Opinion

The creative agency setup is not fit for purpose, so why aren’t we innovating?

Coll

The advertising industry is constantly urging its clients to innovate, so why are so many ad agencies not changing the way their creative departments operate asks Steve Coll.

Malcolm Turnbull is creating government for the 21st Century. Department stores are trialling robots. Builders are 3D printing houses. So why are many creative departments stuck in the 1950’s?

Our new PM seems to be a man with an eye on the future. Undoubtedly, the other will squarely be on yesterday’s opinion polls. But his talk of the future and our place in it is timely and provocative for many Australian industries.

After a month in a new gig, I’ve spent much of my time examining the make-up of the modern agency. I joined With Collective partly because Justin and Dom, the founders of WiTH and my new partners, have a laser-like focus on the future of our business. And, as I contemplate how the industry needs to re-shape and respond for the future, I can’t help thinking that we, the creative community, have been amongst the slowest to embrace change.

I appreciate I am making a generalisation. But I think its largely fair.

I got my first job in an agency creative department almost 20 years ago. That job would have been best described as ‘Glorified Tea-maker’, even though my business card said ‘Junior Copywriter’. Fast forward to today and its hard to find words to describe the change in the world of advertising.

The brands we love, like Uber and Airbnb build relationships through utility and UX, less and less through big brand advertising. Customers are using social media to exert more power than ever on brands and companies. Data makes our ability to measure and understand individual customer behaviour increasingly sophisticated.

Virtual Reality is virtually a reality. And robots and driverless cars look fairly close to being part of our lives.

In that time, the set up of creative departments doesn’t seem to have changed much at all.

Creativity is unquestionably a vital part of the future of our business. So why do our departments seem part of the past?

The set-up of copywriter and art director teams is overwhelmingly how most departments are shaped, both in Australia and elsewhere. This structure has existed for decades, the legacy of how creative departments operated in the Bernbach days at DDB in the 1950’s.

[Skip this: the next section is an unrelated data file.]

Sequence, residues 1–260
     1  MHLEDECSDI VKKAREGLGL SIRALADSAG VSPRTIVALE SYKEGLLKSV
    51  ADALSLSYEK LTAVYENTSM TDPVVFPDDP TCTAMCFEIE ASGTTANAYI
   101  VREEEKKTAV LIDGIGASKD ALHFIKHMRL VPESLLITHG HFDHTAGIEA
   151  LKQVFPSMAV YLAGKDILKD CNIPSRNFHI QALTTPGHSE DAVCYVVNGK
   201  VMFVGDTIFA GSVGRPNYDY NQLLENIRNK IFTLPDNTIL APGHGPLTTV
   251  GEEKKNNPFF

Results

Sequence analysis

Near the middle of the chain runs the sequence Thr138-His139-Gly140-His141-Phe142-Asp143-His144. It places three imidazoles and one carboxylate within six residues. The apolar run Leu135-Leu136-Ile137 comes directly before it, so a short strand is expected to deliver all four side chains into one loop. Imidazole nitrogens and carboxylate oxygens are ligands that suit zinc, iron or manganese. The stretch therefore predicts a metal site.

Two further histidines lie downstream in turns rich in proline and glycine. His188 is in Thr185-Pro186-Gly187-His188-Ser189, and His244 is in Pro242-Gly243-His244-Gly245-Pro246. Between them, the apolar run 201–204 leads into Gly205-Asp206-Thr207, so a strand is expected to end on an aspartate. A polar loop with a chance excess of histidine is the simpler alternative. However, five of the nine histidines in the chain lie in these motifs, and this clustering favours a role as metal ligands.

Now, to be clear, it’s not that I believe the idea of teams is the problem. It’s more that we seem scared to challenge a status quo that was established over 50 years ago. We have developed a received way of doing what we do and who does it.

It’s formulaic. Which seems very odd.

Because messing with formulas and coming up with amazing results is what the best creative people are supposed to do. In fact, its what creative people love to do. The old (and not very funny) joke goes “How many creatives does it take to change a light-bulb? Does it have to be a light bulb?” Again, not the best stand-up material, but it illustrates the kind of relentless questioning that goes hand-in-hand with good creative thinking and has often delivered incredible results for clients.

But the successes of the past is not necessarily a blueprint for the future.

My overwhelming impression is that the average creative department feels like a legacy. It seems strange to me that we aren’t questioning our own model.

More urgently, if we don’t change fast, then smart, energetic creative thinkers in agencies are going to leave or get left behind.

As I said, I am writing this as an observation about the industry at large, and indeed there are a few interesting agencies posing a credible threat to the traditional model, particularly in the US. But we aren’t having the wholesale re-invention you would expect.

Our creative agency process seems equally retrospective.

Smarter people than me describe the creative agency method as a waterfall process. The brief is carried, as a client once observed to me, on a velvet cushion in a solemn procession from the account service team to the planning department and then into the creative team.

Isn’t it worth at least experimenting with how we do what we do?

I am not talking about hiring architects into the creative structure like some misguided London agencies famously did in the early 2000’s. But I look at areas like customer experience (something I’m becoming increasingly fascinated by) as a relevant, impactful and interesting inclusion in the creative process. How are we changing to account for that?

Same for data. I now find myself working closely with an economist and full-time data nerd (as I am sure Justin won’t mind me saying). We’re looking at new ways to solve business problems, different ways to blend the smart and the crazy together, think fast, get more brains in the room, and involve our clients from the beginning. I’ll be honest, it’s more exciting than you’d believe anything featuring the word data could ever be! Can’t we experiment with how the right brain and left brain work together as part of the creative process?

I don’t pretend for a second to have all the answers. And perhaps I’m not getting out enough to talk to fellow creative leaders. But I do believe we need to re-look at how our departments are set up to meet the whirlwind of change in the world of mobile, data personalisation and customer comms. Also how we collaborate with clients and outside experts to get the best results.

I feel the argy-bargy we should be having over different methods of thinking, as well as who and what makes the modern creative department tick, is strangely quiet.

Creative people consistently ask clients to be brave. Maybe its time we took a dose of our own medicine.

  • Steve Coll is creative partner at With Collective
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